ABSTRACT [FROM JOURNAL]
Objectives: Eighteen years ago, the Institute of Medicine estimated that medical errors in hospital were a major cause of mortality. Since that time, reducing patient harm and improving the culture of patient safety have been national health care priorities. The study objectives were to describe the current state of patient safety in pediatric acute care settings and to assess whether modifiable features of organizations are associated with better safety culture.
Methods: An observational cross-sectional study used 2015–2016 survey data on 177 hospitals in four U.S. states, including pediatric care in general hospitals and freestanding children's hospitals. Pediatric registered nurses providing direct patient care assessed hospital safety and the clinical work environment. Safety was measured by items from the Agency for Healthcare Research and Quality's Culture of Patient Safety survey. Hospital clinical work environment was measured by the National Quality Forum-endorsed Practice Environment Scale.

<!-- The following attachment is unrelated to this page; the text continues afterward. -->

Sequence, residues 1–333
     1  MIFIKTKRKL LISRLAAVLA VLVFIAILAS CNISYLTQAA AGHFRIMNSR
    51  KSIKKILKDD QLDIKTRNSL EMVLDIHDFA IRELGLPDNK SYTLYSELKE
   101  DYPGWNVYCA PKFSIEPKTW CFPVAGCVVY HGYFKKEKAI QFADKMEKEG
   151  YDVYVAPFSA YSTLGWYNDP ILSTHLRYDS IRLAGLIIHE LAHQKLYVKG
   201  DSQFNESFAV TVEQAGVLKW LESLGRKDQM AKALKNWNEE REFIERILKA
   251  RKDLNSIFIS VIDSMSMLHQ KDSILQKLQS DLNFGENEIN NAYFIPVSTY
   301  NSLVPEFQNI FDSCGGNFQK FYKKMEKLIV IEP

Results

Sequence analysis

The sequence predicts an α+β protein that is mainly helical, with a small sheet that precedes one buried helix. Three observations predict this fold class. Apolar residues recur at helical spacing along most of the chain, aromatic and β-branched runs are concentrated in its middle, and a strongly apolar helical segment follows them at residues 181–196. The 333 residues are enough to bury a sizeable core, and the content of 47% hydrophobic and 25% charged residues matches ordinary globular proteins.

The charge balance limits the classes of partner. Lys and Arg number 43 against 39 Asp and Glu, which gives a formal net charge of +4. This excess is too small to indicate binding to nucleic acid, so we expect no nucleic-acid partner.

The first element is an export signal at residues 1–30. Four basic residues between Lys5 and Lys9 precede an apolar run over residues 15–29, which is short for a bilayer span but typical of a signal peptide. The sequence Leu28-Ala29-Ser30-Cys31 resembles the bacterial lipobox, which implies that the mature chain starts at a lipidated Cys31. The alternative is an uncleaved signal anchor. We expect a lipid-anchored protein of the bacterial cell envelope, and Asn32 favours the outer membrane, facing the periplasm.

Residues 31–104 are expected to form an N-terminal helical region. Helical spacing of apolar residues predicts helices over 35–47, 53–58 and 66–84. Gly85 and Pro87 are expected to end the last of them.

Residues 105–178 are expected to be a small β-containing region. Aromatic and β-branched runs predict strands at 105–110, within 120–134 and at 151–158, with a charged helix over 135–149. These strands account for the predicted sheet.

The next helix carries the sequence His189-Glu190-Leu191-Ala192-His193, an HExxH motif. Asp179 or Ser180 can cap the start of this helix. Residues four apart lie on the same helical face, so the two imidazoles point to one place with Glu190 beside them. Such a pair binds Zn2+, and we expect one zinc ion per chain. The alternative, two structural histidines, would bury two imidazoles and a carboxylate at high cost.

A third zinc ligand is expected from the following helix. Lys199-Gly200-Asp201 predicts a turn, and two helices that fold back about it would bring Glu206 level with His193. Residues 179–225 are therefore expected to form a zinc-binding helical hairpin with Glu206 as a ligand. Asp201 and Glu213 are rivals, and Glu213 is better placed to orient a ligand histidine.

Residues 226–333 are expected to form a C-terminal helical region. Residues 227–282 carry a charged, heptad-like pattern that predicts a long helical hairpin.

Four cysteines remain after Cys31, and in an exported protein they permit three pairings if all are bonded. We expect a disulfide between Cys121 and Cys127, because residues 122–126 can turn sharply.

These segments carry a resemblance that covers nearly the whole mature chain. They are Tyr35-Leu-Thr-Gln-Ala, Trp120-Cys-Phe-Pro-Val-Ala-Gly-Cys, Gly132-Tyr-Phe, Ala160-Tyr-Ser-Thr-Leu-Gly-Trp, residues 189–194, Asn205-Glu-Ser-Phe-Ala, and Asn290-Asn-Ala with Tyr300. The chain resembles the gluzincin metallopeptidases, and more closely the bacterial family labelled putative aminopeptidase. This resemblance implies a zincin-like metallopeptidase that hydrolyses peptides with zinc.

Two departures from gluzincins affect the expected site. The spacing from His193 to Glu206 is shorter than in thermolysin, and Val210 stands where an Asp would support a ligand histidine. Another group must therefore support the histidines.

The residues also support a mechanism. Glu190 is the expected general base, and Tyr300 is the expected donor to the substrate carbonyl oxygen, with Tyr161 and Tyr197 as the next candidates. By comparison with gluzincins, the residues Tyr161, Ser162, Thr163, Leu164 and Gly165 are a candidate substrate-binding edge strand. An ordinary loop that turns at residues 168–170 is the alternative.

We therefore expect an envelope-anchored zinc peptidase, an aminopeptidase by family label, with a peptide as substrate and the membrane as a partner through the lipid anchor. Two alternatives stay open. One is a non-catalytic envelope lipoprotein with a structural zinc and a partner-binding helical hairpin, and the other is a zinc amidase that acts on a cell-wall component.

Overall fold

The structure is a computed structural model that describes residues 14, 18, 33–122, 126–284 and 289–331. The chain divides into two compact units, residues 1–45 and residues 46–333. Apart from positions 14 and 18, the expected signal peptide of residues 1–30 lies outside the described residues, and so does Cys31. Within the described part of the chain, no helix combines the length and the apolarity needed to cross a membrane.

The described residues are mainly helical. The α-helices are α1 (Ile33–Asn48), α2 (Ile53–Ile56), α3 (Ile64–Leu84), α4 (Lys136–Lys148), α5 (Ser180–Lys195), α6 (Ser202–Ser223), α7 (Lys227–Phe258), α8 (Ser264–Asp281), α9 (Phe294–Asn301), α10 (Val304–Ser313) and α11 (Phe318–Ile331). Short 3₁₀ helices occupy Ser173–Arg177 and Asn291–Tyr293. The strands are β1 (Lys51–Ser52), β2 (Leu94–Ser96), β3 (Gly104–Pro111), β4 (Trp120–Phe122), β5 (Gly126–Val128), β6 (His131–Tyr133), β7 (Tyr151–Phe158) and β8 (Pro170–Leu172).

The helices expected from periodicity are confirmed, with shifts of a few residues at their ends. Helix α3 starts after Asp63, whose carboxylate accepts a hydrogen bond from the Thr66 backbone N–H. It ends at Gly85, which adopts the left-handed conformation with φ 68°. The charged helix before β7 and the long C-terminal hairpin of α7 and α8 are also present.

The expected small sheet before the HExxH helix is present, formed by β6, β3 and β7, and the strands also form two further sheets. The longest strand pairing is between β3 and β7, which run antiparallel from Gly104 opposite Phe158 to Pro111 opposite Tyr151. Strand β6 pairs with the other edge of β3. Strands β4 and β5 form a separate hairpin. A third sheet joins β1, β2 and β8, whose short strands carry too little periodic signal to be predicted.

Results: A total of 1875 pediatric nurses provided an assessment of safety in their hospitals. Sixty percent of pediatric nurses gave their hospitals less than an excellent grade on patient safety; significant variation across hospitals was observed. In the average hospital, 46% of nurses report that mistakes are held against them and 28% do not feel safe questioning authority regarding unsafe practices. Hospitals with better clinical work environments received better patient safety grades.
Conclusions: The culture of patient safety varies across U.S. hospital pediatric settings. In better clinical work environments, nurses report more positive safety culture and higher safety grades.